End The Bank Bailout Charade

Paul Krugman, Greg Mankiw, Nouriel Rubini, and most credible observers of the banking crisis on all sides of the political spectrum agree that the federal responses under both Hank Paulson and Tim Geithner have not and will not work. There is emerging consensus that the only realistic solution to the credit crisis is to do what current banking law actually requires – have regulators take over insolvent banks, break them up and sell off whatever of value may be left.

Yes, in the case of some of the largest of the insolvent institutions, this responsible solution will have severe implications for all the worldwide counterparties to all the complex financial shenanigans that the big banks have engaged in for the last decade or so. And yes, it will likely cause things to get worse and more complicated economically for a while, before they get better. Unfortunately, it is becoming obvious that postponing the inevitable only postpones the pain and makes the current recession longer and deeper. It will be better to just get it over with.

But all the top government officials deciding these matters, from both the Obama and Bush administrations, seem to be making their decisions not based on either law or rational economics, but rather  on personal ego. Having all made their careers in giant consolidations of the Wall Street finance environment, the idea of Citibank, Bank of America and other venerable giants going down on their watch is truly abhorrent to these regulators.  Having thrived in the environment where the “efficiencies” of global finance were seemingly obvious, it is hard for them to move from that now clearly failed paradigm to the reality very obvious to most of us: Those institutions have grown to have a very negative net impact on the real economy, on our financial system and on our political culture. They are not “too big to fail”. In fact, they are far too big to exist.

Like a woodcutter who views every problem from the perspective of how it can be solved with his ax, or an excavation contractor who brings in heavy equipment to address challenges better solved with hand tools, the folks holding the levers of our economic policy seem to view the large banks as the only meaningful tool in their tool box.

So, rather than implementing the solutions that federal banking regulations really require at this point, they raise the scary rhetorical specter of “nationalization”, while pouring hundreds of billions of tax payers dollars into propping up insolvent financial institutions with the worst possible solution, putting all the risk on tax payers while leaving any possible benefits remaining in those failed institutions in the private hands of the folks who got them into the mess that they are in.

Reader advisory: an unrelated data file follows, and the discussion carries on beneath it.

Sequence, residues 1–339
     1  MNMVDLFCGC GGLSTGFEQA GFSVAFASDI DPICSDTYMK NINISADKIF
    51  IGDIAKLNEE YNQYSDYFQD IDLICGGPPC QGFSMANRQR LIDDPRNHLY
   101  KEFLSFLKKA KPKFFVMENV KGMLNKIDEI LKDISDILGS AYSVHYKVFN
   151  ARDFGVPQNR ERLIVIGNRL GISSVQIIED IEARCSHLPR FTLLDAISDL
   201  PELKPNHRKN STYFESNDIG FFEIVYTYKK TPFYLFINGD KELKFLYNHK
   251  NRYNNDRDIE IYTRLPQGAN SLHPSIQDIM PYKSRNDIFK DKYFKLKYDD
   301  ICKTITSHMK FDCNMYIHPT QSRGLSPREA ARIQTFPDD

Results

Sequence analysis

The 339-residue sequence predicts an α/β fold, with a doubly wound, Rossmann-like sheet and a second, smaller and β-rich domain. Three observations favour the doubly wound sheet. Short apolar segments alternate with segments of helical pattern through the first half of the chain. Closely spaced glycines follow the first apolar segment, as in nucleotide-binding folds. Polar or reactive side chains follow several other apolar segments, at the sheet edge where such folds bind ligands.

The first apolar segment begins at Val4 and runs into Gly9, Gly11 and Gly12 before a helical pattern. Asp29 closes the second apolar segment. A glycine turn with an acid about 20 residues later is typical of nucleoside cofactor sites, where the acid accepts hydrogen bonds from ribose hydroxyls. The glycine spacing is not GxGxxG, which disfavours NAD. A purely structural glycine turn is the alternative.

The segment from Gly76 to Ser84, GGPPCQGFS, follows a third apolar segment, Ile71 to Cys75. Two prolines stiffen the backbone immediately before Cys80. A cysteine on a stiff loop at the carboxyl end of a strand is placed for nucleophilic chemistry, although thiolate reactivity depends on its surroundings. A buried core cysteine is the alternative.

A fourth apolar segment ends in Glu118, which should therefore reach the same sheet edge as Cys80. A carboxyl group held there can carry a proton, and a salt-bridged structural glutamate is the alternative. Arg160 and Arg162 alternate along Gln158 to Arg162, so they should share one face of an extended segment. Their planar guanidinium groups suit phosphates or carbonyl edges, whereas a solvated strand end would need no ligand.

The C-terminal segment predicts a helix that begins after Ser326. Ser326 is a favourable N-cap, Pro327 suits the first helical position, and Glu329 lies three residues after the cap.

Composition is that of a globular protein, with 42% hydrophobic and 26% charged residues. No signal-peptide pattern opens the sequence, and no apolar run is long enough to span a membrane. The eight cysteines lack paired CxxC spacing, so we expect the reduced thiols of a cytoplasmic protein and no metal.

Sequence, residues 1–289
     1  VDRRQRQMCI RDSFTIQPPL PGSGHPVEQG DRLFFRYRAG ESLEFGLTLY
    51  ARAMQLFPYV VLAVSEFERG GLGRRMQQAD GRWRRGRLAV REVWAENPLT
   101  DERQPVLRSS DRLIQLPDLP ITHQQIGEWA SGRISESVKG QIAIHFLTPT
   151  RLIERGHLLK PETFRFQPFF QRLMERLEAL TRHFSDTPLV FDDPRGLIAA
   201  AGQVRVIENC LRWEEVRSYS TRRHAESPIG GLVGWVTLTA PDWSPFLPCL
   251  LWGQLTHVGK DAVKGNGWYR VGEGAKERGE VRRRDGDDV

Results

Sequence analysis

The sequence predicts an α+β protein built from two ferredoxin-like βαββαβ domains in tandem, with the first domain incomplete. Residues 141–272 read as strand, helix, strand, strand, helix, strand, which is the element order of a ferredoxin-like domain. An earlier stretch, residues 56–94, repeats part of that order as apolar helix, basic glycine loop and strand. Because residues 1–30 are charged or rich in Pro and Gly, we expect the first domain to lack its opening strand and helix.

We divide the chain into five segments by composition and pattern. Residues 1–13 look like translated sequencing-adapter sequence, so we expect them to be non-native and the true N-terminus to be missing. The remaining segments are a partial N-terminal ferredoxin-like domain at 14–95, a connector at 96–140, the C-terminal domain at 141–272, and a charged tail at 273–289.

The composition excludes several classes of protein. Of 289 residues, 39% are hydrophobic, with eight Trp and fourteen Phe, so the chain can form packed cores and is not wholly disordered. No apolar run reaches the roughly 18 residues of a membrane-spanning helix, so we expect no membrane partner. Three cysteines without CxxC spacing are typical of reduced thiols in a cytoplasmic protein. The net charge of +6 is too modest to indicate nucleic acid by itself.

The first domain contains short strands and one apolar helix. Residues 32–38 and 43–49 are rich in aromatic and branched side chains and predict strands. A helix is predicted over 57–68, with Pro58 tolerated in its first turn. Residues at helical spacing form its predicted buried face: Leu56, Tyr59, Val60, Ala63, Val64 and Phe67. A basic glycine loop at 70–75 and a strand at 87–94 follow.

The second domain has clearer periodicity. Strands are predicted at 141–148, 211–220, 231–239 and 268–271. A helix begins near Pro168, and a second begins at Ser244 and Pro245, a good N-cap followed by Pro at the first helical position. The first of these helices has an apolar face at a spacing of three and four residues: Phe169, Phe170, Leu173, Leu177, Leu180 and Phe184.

An interesting Gallop poll on bank takeover finds that depending on whether or not scary sounding rhetoric like “nationalization” is used, public opinion swings from majority opposed to a majority in favor of responsible federal action on the banking crisis.

Mr. Geithner, Mr. Bernake and President Obama really have to accept the inevitable, step up to the plate and do what needs to be done. With Citibank now trading in penny stock territory, the charade that these failed institutions have a beneficial role to play in our future is over.


1 Comment

Filed under Economic Policy, Fundamental Perspectives

One response to “End The Bank Bailout Charade

  1. fredunger

    Alan Blinder offers an interesting counterpoint to the attractiveness of actually enforcing banking regulations and taking over failing banks. Specifically he points out that the banks that barely squeak past the threshold of what he not surprisingly labels “nationalization”, will become targets for short sellers on Wall Street and thus pushed into major problems by the takeover of their weaker competitors. And he suggests that they will be forced to pay higher interests and incur a higher cost structure in order to be attractive to depositors than their newly government backed and cleaned up competitors. Whole thing here: http://www.nytimes.com/2009/03/08/business/08view.html?th&emc=th.

    One thing nobody can question is that the lack of appropriate banking oversight when Mr. Blinder himself was vice chair of the Federal Reserve has created a huge mess in our economy.

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